Restaurant Review: Serevan

In Amenia, Serevan means sublime.

A Culinary Masterpiece

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The inventive menu of Serevan’s Serge Madikians hits one high note after another 

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By Bernadette Vail


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Imagine a meal so original and dishes so multilayered that you could talk about them endlessly. It’s a testament to the extraordinary talents of chef-owner Serge Madikians of Serevan Restaurant in Amenia, Dutchess Coun­ty, that when a group of us ate in his restaurant, we actually talked about food throughout the entire meal, forgoing the usual banter about kids and work. Chef Madikians, an Armenian who grew up in Tehran, is a genius at blending flavors and ingredients from disparate cultures. Days later, my friends and I were still calling each other, marveling about Serevan.


The restaurant is situated in a house built in the late 1800s. A handsome bar area leads into the warm, intimate dining room, with blazing fireplace, dark wooden floors, and elegant appointments. The aromas emanating from the open kitchen add to the country-farmhouse feel. Service was knowledgeable, friendly, and efficient throughout the night.

Our first inkling of what might be in store came with our first sips of drinks ordered from a house cocktail menu. The pure, refreshing Serevan martini ($10) — made from Ketel One vodka, cucumber water, and fresh lime juice — was incredible; we were instantly hooked. The Topaz’d Apricot ($10), consisting of Grey Goose vodka, Grand Marnier, pomegranate syrup, and apricot nectar, left no doubt that there was alchemy going on in this place. Our meal confirmed it.


An appetizer of hot organic yogurt soup ($8) perfectly showcased the chef’s masterful blending of textures and flavors. The tang of yogurt, sweetness of currants, toothsome texture of barley, heat of curry oil, and flavorful mix of fresh herbs (chives, cilantro, parsley, and mint) worked together beautifully. It was exquisite. Fresh green beans ($8.50), dressed in a light basil crème fraîche dressing, were tossed with slivered almonds and Armenian Basturma, a dry-cured beef. Spicy house-made harissa added the perfect note to this symphony of flavors.


Another winning combo was olive oil– poached tiger shrimp and East Coast oysters ($11), which were paired with a cumin emulsion and wilted spinach. The delightful coarse country pâté ($8), perfumed with herbs, was served with pickled garlic, cornichons, olives, sourdough toast points, and a lightly dressed frisée salad.


The entrées were dazzling. Local free range chicken ($18), with picture-perfect golden skin, was perched atop a mound of flawlessly cooked, buttery couscous flecked with herbs and studded with radishes, oranges, and diced cucumber. Pieces of preserved lemons and olives ringed the plate to add even more depth to this dish. In Madikian’s capable hands, even a simple roast chicken shines. The tender rack of lamb ($29) was served with herbed labne, a thick sauce made with strained yogurt, which was delicately flavored with mint. A touch of citrus could be detected, which turned out to be a sprinkling of dried lime, skillfully offset by fragrant Persian-style basmati rice and sweet Medjool dates.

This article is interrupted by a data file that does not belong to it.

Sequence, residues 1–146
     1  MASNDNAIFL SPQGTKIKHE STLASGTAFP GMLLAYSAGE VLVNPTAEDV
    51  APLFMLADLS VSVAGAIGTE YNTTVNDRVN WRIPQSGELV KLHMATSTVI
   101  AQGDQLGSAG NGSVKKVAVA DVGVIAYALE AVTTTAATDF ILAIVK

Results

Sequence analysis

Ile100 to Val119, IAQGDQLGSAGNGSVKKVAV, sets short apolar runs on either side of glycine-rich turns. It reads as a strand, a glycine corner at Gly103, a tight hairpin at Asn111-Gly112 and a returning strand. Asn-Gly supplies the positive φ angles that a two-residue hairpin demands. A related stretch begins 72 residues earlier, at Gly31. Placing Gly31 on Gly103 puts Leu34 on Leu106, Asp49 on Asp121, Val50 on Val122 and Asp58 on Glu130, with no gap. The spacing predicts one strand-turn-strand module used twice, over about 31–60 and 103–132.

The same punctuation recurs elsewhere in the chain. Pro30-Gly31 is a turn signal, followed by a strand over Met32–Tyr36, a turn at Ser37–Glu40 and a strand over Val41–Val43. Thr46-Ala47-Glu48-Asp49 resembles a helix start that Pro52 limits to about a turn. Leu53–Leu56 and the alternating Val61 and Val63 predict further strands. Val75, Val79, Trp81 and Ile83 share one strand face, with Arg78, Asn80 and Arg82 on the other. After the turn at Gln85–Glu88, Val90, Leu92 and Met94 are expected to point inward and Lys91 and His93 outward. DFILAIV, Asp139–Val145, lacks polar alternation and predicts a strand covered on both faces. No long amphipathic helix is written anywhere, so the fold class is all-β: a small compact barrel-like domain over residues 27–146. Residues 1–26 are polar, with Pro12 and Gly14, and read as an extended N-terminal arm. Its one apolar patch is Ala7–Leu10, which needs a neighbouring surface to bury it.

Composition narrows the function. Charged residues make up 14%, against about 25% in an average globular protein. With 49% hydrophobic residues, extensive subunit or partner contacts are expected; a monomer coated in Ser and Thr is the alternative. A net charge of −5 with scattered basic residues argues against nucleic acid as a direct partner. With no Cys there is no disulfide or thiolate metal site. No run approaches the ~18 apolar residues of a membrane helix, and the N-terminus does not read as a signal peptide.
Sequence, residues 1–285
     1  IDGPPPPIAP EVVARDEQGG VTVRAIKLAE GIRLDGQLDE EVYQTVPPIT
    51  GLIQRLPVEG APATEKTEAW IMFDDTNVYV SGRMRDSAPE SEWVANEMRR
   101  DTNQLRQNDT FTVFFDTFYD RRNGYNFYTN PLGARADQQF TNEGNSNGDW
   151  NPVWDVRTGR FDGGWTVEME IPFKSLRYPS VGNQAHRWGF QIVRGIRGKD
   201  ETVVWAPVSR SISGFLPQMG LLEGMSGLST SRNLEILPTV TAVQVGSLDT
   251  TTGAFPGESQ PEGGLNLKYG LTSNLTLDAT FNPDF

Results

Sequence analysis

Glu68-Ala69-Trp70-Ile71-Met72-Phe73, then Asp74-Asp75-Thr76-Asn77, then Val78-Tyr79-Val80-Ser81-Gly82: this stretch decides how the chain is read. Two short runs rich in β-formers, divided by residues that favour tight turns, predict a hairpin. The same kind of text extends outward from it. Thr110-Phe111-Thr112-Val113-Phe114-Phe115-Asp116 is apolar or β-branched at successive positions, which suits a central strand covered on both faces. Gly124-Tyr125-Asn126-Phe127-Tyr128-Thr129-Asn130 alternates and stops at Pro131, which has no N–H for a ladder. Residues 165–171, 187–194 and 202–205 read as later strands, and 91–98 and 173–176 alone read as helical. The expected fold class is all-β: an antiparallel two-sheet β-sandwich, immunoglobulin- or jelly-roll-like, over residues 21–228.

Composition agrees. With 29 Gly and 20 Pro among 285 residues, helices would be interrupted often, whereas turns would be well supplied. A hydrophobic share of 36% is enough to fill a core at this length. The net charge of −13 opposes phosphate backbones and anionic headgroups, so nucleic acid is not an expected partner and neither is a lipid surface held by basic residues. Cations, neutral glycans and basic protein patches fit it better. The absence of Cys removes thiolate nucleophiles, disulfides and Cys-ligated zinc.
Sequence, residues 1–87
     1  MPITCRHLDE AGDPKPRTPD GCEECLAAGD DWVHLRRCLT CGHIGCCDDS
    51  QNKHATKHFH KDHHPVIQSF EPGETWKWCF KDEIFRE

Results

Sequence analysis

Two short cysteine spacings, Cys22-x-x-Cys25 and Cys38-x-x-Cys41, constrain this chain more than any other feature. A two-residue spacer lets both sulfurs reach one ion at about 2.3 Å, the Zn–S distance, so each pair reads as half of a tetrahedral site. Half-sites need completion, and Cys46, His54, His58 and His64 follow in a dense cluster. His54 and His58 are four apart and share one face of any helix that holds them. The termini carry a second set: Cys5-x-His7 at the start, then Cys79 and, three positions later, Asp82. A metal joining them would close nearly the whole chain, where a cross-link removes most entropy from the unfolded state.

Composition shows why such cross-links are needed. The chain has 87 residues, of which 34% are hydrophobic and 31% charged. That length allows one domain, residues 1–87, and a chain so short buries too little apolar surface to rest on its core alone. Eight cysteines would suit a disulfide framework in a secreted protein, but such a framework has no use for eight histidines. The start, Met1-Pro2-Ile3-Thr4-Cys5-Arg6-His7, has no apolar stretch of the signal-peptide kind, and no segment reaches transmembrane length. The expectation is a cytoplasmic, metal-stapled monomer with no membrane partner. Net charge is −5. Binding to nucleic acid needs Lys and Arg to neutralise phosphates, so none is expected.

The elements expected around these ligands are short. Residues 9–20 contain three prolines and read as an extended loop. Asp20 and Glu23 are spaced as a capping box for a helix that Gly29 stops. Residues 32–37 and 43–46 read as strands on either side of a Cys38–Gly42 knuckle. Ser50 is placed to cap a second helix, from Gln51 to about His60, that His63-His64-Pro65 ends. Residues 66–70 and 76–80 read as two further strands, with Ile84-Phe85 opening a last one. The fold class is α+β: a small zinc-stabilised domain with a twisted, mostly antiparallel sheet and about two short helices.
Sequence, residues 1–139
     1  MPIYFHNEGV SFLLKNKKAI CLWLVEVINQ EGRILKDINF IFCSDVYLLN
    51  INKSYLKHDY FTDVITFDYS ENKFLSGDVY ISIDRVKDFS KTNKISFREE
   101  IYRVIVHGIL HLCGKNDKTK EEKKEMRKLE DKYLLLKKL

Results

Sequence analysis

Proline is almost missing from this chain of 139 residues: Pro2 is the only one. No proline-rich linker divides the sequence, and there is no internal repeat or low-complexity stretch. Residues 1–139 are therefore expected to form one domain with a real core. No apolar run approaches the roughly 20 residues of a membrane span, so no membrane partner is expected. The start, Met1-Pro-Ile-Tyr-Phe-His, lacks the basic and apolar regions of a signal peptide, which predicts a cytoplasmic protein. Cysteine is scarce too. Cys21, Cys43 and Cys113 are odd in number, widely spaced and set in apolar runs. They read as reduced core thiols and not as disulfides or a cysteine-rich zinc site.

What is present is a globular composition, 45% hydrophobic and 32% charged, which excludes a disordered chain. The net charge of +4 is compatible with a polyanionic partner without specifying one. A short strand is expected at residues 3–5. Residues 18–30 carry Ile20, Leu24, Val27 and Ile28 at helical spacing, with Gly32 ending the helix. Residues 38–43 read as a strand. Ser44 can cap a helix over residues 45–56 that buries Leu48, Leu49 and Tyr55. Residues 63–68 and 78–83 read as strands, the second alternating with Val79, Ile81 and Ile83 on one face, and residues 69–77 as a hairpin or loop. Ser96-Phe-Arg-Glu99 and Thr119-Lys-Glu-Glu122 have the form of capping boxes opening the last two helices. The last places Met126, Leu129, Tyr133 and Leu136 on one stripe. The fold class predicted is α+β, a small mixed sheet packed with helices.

The special that evening was pure perfection. Large diver scallops with roasted tangelos, butternut squash purée, white and green asparagus, and a cassis purée ($28) — it was a visual masterpiece of contrasting colors. The large, fresh, crisply seared scallops were the centerpiece, and each forkful of food unveiled a wealth of complex flavors amazingly conjured from just a few ingredients.


Desserts again showed the chef’s originality and use of eclectic ingredients. The brittle-like saffron-caramel cashew tart ($8.50) was served with a curry crème anglaise and an intense Concord grape sorbet. We loved it. Warm, creamy rice pudding ($7) was subtly flavored with rose water; the center of the dish was filled with figs and prunes soaked in 18-year-old Armenian brandy, orange peel, and white wine. A dark-red drizzle of reduced sour cherry purée and a dollop of homemade apricot sorbet put this treat completely over the top. And for chocolate lovers, there is a deeply flavored, individual chocolate Devils Cake ($7.50) paired with an aromatic cardamom-beet sauce and pistachio ice cream.


Each wine featured on the mostly European, reasonably priced list comes with a brief description, which is helpful when deciding on a bottle. Based on the short narrative describing its pure cherry and cassis essence, we chose a 2001 De Forville Barberesco ($65). Of the 35 bottles offered, 15 are sold by the glass.


Growing up in Iran (where his family has owned and operated restaurants for two generations) has certainly influenced Madikians’ techniques and style, as well as his distinctive use of Mediterranean and Middle Eastern flavors. But his inventiveness and passion are truly his own. He creates his eclectic dishes using a variety of foods and spices to create layer upon layer of flavor culminating with one last, often surprising flourish. Don’t miss the chance to taste these masterpieces for yourself.







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